Monday, March 18, 2013

Colder Weather On The Way - And It's Here to Stay

"He said I wanna see you again
But I'm stuck in colder weather
Maybe tomorrow will be better
Can I call you then"
(From Zac Brown Band song, Colder Weather)

As the Zac Brown Band tells in Colder Weather, it looks like the majority of the nation is going to be stuck in colder weather. Unfortunately, tomorrow will not be better- if anything, it will be even colder.

Shown above is the European model's projected 850 millibar temperature anomaly forecast for 6 to 10 days away from today. The 850 millibar level is commonly referred to as one of the lower levels of the atmosphere. The European model is very clear with its intentions over the next 10 days. The projection is for harsh cold to start out in the North Plains and Upper Midwest, where anomalies of 10 degrees (C) below normal will be commonplace. As time progresses towards that 10 day forecast mark, we start to see the cold slide south, into the midsection of the nation by the time the weekend is around, and penetrating the South US 10 days from today.

The long range American temperature anomaly forecast is no more comforting. This forecast is from the American ensembles and is forecasting surface temperature anomalies in Celsius. From the next 8-16 days, the ensembles are pretty firm in saying that all areas east of the Front Range in Colorado should be able to achieve below normal temperature anomalies. The atmospheric set-up favors frequent cold shots into the Mid-Atlantic and Southeast as a result of the suppressed jet stream, and the American Ensembles latch onto that idea quite well. The Northern Plains also experience a solid degree of below normal temperatures.

So what's causing all of this cold to suddenly evacuate the Arctic and ruin the onset of spring? As you see in the 2-6 day forecast of 500 millibar height anomalies from the European model above, record-breaking high pressure in the Arctic Circle is causing the Arctic Oscillation to go negative. For those unfamiliar with the term, the Arctic Oscillation involves a positive and negative phase. The positive phase has strong low pressure over the Arctic that locks cold up in the higher latitudes and allows warmth to prevail in the US. The negative Arctic Oscillation (AO) permits strong high pressure to take over the Arctic, which in turn allows cold air to flow freely into the United States. The Arctic Oscillation is forecast to reach a negative level that is so low it has not been seen since 2010. If the AO goes as low as the most extreme forecasts are calling for, we could see a negative level not experienced since 1985. Regardless of how low the Arctic Oscillation will go, the big picture is that cold weather will dominate the nation for the rest of March, likely into at least the first week or two of April. This event is not just a few days of chilly weather- we're talking multiple weeks of below normal temperatures. There is no end in sight to this colder weather at this time. I suppose this winter cold just got backordered.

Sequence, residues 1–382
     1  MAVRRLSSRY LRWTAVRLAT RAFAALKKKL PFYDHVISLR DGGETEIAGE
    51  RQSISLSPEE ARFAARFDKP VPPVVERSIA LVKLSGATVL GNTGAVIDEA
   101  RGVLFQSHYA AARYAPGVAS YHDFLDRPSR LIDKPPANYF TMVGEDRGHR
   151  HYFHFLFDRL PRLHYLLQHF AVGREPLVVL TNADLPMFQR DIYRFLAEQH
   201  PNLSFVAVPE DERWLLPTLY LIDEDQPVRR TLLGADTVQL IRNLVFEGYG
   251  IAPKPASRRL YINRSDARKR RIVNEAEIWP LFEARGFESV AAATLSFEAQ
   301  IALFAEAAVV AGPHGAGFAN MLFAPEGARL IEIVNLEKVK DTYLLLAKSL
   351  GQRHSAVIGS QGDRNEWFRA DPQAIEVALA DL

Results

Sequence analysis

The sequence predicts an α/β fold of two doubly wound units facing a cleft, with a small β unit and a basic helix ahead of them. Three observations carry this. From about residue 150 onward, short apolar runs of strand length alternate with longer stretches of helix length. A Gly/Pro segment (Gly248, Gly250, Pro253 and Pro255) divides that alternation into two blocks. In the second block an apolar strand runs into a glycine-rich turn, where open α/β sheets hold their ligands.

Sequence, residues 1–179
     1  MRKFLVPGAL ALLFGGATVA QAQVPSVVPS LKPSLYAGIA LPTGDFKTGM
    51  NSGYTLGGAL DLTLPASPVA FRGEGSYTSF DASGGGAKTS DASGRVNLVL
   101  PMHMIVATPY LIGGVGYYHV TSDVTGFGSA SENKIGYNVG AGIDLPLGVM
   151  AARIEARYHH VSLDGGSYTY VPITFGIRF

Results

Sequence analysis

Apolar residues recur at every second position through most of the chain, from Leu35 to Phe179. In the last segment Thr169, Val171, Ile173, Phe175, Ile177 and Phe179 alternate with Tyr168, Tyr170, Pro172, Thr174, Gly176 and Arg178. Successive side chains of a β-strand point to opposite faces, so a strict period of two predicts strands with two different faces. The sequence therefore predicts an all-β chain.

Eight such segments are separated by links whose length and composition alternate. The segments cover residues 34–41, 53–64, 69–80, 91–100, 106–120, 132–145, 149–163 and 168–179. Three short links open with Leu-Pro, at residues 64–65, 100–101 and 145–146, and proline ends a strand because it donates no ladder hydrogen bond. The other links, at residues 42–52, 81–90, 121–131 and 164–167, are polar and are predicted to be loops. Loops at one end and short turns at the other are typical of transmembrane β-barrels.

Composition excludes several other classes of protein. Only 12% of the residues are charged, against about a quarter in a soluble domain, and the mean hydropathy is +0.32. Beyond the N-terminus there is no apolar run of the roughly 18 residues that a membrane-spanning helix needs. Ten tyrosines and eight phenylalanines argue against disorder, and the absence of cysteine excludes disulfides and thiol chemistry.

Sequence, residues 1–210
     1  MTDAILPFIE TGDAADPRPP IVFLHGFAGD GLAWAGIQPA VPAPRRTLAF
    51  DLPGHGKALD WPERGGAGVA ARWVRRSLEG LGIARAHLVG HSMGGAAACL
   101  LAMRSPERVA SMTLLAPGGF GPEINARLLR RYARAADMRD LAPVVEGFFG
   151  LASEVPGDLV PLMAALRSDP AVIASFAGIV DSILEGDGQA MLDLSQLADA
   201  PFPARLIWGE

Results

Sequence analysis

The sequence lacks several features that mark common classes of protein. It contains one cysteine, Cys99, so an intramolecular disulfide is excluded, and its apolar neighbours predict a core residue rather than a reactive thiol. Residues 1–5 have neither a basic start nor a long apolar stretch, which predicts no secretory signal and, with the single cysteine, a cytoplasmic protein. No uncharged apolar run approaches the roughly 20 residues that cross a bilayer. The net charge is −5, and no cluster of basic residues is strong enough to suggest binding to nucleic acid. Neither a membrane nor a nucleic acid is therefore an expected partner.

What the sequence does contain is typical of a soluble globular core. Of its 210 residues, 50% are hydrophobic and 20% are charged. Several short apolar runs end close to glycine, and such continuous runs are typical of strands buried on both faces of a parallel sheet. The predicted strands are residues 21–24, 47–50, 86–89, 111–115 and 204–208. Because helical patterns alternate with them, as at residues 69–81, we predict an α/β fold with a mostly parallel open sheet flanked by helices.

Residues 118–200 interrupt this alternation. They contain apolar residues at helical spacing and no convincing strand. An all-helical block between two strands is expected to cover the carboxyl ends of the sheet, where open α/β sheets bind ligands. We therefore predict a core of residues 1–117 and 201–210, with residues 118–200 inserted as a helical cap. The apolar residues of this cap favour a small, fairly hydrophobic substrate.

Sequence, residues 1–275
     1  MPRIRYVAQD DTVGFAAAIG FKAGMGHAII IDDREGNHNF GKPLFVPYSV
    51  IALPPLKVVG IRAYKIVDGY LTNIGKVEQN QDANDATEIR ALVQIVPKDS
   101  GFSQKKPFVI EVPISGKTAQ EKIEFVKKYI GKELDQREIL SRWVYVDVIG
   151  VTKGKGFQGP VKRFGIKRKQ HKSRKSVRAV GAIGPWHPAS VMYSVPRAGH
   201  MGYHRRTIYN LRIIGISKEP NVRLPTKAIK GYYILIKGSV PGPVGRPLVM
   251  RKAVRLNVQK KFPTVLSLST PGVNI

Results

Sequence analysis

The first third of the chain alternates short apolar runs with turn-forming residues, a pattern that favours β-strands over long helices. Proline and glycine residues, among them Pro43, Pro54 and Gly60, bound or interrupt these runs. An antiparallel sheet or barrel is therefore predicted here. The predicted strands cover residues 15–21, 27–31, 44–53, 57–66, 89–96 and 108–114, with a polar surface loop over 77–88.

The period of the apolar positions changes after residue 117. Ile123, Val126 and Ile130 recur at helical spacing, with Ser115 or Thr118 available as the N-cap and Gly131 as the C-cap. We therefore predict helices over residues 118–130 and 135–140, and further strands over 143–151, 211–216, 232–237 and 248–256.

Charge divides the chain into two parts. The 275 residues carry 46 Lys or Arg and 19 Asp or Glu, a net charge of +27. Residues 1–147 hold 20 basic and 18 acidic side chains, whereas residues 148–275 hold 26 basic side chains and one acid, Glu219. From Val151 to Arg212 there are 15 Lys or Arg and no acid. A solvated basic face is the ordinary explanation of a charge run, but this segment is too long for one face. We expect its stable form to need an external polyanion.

For those of you who follow the idea that above normal snow cover in Siberia during October can make the Arctic Oscillation go negative in the following winter, this is a direct byproduct of that idea. The last third of October 2012 had way above normal snow cover, meaning we could be in for a month or more of below normal temperatures. Happy Spring!



Anonymous said...

Hmmm..well, this bits! & yes it’s very cold!
What a sense of humor Mother Nature has indeed!
I think she hates me! Well be that what it is… Thank you Andrew
for your updates! I look forward to them & enjoy them very much!
Happy spring? I don’t think so…no… but there is always summer!!

Anonymous said...

I certainly like what I am seeing in our forecasts, because despite what forecasters are saying about huge, blocking lows developing over the Colorado Rockies, the changing pattern is showing almost stark opposite of that, with the pattern flipping to cold and wet/snowy for at least a 4-5 day stretch, and no end to the cooler weather after that, and still more chances for precipitation beyond that, hopefully we can keep this up, because the absolute last thing this area needs, is any more patterns that are anything similar to last year's never-ending nightmare, but one thing is for certain, right now, things have been in the last few weeks and definitely continue to look a little better in terms of at least some alleviation from what has already been deemed the worst drought in Colorado history, and once this thing is squelched, I hope I never see another one like it again in my lifetime.